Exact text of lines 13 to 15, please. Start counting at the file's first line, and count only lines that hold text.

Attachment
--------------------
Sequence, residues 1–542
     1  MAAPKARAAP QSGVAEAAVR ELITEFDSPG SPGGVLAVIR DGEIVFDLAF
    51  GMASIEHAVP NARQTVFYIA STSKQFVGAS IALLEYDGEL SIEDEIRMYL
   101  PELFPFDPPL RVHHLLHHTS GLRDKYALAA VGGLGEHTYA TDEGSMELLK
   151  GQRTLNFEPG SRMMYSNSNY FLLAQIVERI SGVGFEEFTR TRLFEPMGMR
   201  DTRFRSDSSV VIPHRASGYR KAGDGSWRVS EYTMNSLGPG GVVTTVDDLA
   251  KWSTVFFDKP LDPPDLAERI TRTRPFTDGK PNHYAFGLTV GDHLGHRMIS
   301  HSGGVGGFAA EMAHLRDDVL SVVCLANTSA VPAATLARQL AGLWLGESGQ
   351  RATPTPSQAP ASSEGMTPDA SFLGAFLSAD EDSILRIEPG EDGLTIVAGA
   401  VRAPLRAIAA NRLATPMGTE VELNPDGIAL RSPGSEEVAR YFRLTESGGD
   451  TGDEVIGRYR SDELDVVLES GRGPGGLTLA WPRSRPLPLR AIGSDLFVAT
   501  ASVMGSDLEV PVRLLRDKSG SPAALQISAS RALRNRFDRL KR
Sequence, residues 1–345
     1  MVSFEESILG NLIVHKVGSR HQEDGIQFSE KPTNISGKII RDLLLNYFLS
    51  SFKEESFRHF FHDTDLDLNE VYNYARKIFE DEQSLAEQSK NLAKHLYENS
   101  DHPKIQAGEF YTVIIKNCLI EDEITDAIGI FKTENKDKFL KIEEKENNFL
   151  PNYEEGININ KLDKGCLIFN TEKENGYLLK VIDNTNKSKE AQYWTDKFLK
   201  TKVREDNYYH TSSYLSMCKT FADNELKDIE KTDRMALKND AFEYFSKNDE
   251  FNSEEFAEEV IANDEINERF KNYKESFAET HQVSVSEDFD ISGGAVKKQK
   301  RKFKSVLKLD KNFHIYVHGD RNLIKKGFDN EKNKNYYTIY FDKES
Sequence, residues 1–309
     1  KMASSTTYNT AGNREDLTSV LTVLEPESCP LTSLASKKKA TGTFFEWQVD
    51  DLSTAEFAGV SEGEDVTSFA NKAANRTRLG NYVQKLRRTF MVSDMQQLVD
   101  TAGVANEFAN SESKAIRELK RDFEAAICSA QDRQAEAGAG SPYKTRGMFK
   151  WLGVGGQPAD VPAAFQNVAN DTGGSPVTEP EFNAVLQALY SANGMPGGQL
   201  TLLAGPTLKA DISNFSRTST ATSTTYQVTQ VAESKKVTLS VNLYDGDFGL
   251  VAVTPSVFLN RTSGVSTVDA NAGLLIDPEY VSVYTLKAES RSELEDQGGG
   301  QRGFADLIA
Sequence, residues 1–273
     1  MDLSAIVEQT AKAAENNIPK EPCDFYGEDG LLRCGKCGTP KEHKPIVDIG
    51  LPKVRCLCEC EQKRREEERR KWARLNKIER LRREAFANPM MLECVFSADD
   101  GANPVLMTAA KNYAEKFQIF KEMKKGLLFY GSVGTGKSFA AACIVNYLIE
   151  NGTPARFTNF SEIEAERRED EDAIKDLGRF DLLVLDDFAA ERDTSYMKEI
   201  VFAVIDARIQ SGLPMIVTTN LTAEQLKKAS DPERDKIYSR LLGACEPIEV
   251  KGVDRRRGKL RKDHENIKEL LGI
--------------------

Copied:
Sequence, residues 1–345
     1  MVSFEESILG NLIVHKVGSR HQEDGIQFSE KPTNISGKII RDLLLNYFLS
    51  SFKEESFRHF FHDTDLDLNE VYNYARKIFE DEQSLAEQSK NLAKHLYENS